‘Evaluation’ answers ‘Did we achieve the outcome?’ For example, do our clients now understand our services?, are our procedures efficient?, how well did we predict that outcome?
Both types of questions are important and have a role in managing an organisation well. But often matters that should be evaluated are audited instead.
For example, suppose you recognise a communication need – you want your clients to better understand what you can do for them, or you want the public to take advantage of a new policy or initiative. The usual course of events goes something like this:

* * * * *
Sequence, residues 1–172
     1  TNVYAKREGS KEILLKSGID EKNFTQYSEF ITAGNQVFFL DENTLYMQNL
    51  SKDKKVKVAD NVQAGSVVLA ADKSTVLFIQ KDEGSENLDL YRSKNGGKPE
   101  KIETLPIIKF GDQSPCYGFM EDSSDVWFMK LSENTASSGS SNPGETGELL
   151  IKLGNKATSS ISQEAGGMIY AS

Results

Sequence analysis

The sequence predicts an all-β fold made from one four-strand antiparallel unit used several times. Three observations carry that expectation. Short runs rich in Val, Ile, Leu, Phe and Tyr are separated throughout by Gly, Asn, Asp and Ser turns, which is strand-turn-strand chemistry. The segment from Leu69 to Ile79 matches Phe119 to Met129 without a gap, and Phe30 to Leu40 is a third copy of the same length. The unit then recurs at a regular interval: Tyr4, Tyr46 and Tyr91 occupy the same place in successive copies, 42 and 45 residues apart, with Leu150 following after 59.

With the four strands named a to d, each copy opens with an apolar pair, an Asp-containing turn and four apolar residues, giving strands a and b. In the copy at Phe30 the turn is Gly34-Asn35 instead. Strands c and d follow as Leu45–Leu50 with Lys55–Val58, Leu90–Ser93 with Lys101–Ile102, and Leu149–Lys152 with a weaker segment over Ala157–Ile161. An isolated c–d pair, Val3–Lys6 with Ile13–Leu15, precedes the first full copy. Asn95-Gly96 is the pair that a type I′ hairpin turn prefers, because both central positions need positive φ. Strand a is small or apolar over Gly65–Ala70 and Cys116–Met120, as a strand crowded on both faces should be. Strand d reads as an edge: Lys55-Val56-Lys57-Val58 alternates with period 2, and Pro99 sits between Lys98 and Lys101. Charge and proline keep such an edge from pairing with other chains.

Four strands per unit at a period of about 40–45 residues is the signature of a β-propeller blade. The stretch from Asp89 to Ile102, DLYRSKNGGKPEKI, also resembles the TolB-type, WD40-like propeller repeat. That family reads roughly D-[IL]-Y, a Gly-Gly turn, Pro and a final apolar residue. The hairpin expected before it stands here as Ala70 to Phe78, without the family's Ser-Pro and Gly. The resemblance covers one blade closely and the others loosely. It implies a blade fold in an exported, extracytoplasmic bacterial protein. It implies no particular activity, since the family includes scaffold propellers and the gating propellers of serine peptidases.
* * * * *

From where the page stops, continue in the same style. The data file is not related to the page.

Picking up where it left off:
- Decide you need an information product (people usually think a document or website is the best way to deliver information)
- Get a project team together
- Develop a project timeline and determine a budget.
- Set tasks and assign responsibility
- Get the resources you think you will need
- Do the work – develop the product
How do we usually measure a project? Usually against the project plan. If the product is on time and on budget it is usually considered a job well done. We assume that if the document has been written and published then the job has been done.
But that’s audit, not evaluation. Only rarely are projects measured against purpose.
Evaluation questions are like: Did people see and read the document? Did they understand it, and understand the importance of the information? Have they changed their thinking or behaviour as a result of reading?